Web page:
• Michael Skalka

Step Outside Your Comfort Zone


Sometimes making art requires the same strategy that is employed when doing physical exercises. Doing different sets of repetitions, increasing the quantity helps you improve. The same hold true for artwork.

I have heard many watercolorists or pastel artists complain that they can’t switch media because it mentally interferes with their ability to use their media of choice to their best advantage. Selecting a different media creates a mental “gear shift” that causes counterproductive habits to be established.


A simple solution to this is to not attempt to duplicate what you do in another medium. If you paint portraits or landscapes in oil, refrain from doing the same subject matter in a different medium. Exercise your hand-eye and brain skills in a completely different way.


Create a monotype, assemble a collage, do an abstract oil pastel, construct a sculpture from cardboard, paint using your medium of choice abstractly if you usually paint realistically or vice-versa. Since so much of what artists do focuses on composition and values, those concepts can be carried over to other media. They can make you see things you are already doing more clearly or potentially correct underlying mistakes. They can be used as warmup exercises in preparation to engage in your art making theme.


The other idea to embrace is the use of quality art materials. Think about having two types of art materials. One is the everyday, moderate or inexpensive stuff you use to plan, practice and visualize artwork that will be executed in another format. Low quality sketch pads are great for this.

Think about purchasing and building a body of sketches, watercolor, gouache or other media studies that you keep in a really nice high-quality sketchbook. It provides both a rich experience to handle a well-made book with really good paper and once it is full, it provides a charming record of past work that you can revisit over and over again.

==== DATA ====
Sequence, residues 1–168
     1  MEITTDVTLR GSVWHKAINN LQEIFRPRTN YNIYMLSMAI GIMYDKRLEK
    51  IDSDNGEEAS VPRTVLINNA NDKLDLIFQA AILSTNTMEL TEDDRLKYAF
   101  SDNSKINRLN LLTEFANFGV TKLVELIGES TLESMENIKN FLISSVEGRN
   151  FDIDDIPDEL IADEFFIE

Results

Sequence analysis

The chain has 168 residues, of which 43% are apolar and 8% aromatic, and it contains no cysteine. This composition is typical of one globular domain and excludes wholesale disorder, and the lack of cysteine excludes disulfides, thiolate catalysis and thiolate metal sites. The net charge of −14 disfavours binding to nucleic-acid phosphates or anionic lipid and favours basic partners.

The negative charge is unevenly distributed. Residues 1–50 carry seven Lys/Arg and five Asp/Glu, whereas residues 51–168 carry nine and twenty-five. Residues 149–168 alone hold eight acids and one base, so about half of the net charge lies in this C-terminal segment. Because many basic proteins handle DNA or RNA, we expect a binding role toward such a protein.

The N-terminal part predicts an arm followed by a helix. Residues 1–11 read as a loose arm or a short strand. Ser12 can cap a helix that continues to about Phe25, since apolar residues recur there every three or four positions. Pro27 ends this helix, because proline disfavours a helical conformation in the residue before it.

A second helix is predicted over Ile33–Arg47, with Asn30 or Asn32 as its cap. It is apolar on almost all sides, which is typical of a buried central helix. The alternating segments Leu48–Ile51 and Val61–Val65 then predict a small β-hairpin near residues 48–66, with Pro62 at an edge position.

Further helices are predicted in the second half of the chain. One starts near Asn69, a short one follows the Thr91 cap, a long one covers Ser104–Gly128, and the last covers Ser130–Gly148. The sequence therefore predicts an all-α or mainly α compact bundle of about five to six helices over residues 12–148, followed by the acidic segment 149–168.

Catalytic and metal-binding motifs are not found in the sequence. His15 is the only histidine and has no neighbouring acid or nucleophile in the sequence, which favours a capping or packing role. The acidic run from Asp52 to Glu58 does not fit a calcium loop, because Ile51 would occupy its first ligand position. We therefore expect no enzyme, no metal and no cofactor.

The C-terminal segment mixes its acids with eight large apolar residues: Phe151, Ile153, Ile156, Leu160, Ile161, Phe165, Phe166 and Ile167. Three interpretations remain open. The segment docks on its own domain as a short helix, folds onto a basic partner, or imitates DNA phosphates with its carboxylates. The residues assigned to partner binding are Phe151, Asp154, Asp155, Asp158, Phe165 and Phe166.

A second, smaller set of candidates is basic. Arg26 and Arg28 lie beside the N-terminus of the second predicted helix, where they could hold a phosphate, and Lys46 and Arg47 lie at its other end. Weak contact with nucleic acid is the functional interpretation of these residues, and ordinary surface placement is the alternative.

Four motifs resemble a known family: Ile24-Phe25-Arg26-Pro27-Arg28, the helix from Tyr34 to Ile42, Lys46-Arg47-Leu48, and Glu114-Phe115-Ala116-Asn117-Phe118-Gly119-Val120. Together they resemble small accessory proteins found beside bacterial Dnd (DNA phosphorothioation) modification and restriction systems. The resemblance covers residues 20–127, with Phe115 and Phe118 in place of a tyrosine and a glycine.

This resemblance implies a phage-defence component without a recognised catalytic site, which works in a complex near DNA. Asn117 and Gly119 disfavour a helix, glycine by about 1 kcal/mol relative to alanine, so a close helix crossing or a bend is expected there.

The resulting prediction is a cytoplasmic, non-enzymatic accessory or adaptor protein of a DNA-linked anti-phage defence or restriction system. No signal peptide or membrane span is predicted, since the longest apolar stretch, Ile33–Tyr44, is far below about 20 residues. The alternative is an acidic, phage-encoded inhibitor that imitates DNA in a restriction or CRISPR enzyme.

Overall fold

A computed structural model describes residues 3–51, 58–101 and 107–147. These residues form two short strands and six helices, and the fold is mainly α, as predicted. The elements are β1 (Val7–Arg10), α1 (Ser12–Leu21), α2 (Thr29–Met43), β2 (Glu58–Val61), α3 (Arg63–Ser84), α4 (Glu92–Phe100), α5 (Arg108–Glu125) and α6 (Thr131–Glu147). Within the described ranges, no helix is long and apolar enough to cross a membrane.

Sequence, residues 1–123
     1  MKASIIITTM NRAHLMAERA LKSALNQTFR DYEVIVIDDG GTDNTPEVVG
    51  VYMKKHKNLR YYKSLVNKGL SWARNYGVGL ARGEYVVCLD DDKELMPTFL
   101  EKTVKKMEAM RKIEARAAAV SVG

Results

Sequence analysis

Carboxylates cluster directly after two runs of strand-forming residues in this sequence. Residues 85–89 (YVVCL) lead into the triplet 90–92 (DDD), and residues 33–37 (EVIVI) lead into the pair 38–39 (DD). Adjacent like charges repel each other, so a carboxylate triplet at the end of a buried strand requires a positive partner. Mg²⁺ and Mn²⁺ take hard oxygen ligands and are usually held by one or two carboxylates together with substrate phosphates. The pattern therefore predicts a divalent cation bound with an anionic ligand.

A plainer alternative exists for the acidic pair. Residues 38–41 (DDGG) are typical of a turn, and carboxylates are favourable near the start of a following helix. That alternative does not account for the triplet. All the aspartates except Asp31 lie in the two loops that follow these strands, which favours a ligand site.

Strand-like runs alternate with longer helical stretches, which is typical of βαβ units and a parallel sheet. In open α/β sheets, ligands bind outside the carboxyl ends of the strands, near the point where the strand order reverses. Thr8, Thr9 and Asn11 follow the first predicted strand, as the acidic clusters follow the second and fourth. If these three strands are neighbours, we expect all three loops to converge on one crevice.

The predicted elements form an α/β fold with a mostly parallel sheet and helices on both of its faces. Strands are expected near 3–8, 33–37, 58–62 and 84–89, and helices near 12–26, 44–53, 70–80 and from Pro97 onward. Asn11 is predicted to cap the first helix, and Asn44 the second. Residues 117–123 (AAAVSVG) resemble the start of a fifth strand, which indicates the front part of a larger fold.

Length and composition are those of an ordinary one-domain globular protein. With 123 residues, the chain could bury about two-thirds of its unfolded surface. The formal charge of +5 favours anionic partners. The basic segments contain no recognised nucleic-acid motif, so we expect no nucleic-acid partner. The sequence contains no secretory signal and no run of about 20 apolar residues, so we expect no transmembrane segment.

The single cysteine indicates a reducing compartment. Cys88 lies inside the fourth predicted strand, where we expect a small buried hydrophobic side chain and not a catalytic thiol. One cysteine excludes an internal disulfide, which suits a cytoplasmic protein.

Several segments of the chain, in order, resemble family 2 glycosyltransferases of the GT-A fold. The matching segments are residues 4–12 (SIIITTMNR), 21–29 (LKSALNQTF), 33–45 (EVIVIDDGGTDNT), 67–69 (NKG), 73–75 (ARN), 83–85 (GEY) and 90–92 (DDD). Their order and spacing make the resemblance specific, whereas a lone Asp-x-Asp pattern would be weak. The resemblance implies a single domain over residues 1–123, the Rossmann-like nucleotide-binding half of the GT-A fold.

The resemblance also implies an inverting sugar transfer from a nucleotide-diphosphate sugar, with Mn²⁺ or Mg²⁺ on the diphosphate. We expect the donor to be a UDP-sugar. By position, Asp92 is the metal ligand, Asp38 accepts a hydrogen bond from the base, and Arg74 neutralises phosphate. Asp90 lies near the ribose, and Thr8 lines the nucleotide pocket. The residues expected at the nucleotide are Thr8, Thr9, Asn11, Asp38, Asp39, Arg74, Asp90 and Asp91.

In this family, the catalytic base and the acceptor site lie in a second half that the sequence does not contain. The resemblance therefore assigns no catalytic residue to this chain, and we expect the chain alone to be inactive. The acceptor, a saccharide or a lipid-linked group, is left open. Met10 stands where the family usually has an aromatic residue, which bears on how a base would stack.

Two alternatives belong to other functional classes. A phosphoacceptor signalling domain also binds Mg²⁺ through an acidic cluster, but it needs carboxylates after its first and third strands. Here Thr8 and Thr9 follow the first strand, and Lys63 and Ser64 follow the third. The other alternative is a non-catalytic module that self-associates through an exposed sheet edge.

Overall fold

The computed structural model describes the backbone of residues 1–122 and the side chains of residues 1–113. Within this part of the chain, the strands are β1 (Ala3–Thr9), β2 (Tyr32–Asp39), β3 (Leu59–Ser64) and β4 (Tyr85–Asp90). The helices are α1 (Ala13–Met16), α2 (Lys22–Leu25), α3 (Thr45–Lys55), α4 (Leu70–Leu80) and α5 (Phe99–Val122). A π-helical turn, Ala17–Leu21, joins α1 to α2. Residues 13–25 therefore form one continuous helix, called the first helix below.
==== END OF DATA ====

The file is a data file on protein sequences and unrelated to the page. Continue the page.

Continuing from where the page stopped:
Perhaps most importantly, it keeps you linked to traditional materials that were made with high quality and longevity in mind. It is what I repeatedly refer to as the “analog” world of art materials. It has nothing to do with electronics, high tech synthetic materials and over-engineering. It is the simple pleasure of rubbing your hand over a hand-made paper, admiring the color, texture and appearance. It is the feeling of seeing a leather or quality cloth cover with pages that when opened lay completely flat.

Take pleasure in carrying on the tradition of filling sketchbooks with drawings, watercolor renderings and notes about a scene as an aid to memory for a studio work.


Take time to use a pen that requires you to dip the nib in an ink bottle in order to put down a line. Write your notes carefully in cursive. Don’t worry if your children or grandchildren won’t be able to read them. They are for you to enjoy. Treat yourself to at least one great sketchbook with high quality paper and relish using it for the sheer joy of having something that is special. Art can, but should not be about looking for the least expensive product to fulfill a need. Indulge in purchasing something out of the ordinary. You can always get cheap everyday items from a national chain of art suppliers. But sometimes, find an item that you normally would not buy or stretch your abilities by using a medium or technique that you don’t usually use. Art is about having fun, isn’t it?


The Syntax of Color



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